Just In Time For New Year:Utah will begin enforcing the strictest drunk-driving standard in the country Sunday, and the lawmaker who first sponsored the tough measure said he was hopeful other states would soon adopt a similar threshold.
Norman Thurston, the Republican lawmaker who sponsored the original bill that was signed by Gov. Gary Herbert in 2017, said “it’s been a long time coming” to see his proposal take effect. He said he had been contacted by several states about passing similar measures this year, but proposals in places like Washington and Hawaii never got to full floor votes.
“This is not a red state or blue state thing,” Thurston said. “This is just a solid policy that leads to better public safety.”
New Year’s Eve revelers in Utah could find themselves with more than a hangover as 2019 dawns. If they drink and drive, they could end up on the wrong side of the nation’s newest and lowest DUI threshold.
The 0.05 percent limit goes into effect Sunday, despite protests that it will punish responsible drinkers and hurt the state’s tourism industry by adding to the reputation that the predominantly Mormon state is unfriendly to those who drink alcohol. The state’s old limit was 0.08 percent, the threshold in most states.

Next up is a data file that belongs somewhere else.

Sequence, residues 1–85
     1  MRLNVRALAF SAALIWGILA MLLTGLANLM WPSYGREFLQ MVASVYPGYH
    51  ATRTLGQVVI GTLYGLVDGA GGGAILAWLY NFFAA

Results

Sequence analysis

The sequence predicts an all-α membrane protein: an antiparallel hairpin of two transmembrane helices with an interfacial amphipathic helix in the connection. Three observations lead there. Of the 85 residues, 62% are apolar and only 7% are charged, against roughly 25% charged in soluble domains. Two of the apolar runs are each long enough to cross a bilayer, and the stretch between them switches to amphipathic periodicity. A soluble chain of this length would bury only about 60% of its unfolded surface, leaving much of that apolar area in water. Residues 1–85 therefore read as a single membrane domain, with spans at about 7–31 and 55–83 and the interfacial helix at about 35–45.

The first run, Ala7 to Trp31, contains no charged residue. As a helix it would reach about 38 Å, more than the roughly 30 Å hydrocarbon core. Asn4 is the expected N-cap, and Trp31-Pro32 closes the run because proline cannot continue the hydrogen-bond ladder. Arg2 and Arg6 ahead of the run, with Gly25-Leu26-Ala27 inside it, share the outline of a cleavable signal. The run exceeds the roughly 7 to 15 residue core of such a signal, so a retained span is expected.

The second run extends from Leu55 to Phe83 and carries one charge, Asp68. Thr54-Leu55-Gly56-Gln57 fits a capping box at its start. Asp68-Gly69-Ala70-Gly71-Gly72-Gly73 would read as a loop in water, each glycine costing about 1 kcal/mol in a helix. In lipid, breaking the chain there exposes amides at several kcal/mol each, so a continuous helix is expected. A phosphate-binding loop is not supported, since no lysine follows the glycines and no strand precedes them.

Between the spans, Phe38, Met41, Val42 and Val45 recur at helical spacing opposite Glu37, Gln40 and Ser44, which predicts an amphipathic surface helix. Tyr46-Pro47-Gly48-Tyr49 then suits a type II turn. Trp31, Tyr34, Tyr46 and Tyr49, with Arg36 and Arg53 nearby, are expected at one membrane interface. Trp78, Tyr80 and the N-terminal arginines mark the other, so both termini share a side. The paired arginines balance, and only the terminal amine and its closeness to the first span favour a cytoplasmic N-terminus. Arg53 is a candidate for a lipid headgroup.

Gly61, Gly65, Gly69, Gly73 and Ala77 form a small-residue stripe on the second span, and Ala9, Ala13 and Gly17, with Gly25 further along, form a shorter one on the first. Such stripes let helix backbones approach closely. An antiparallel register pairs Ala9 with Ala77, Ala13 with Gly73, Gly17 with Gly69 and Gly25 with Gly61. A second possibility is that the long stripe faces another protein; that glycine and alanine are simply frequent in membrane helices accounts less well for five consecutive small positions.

For Utah lawmakers, the change is a safety measure aimed at encouraging people not to drive at all if they’ve been drinking.
The change was easily approved in 2017 by the Legislature, which is mostly Mormon and mostly Republican, and signed into law by Gov. Gary Herbert, also a Republican and member of The Church of Jesus Christ of Latter-day Saints. The religion teaches its members to abstain from drinking alcohol.
Law enforcement all over the state will be stepping up patrols to crack down on DUIs over the holiday weekend.
Unified Police will have a checkpoint set up in the Salt Lake Valley starting at 9 p.m. on Friday.
On Sunday at midnight, Utah’s DUI laws will become the strictest in the nation. The blood alcohol concentration (BAC) limit will drop from 0.08 to 0.05 in our state.
With smart ride options available, like public transportation and ridesharing, there is no excuse for anyone to drive impaired.